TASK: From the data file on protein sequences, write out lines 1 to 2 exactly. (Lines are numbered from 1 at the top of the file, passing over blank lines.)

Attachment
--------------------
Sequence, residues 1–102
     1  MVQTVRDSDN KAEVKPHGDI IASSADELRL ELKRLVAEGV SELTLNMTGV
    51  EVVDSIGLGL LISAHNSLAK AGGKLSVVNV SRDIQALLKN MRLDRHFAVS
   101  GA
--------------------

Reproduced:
Sequence, residues 1–102
     1  MVQTVRDSDN KAEVKPHGDI IASSADELRL ELKRLVAEGV SELTLNMTGV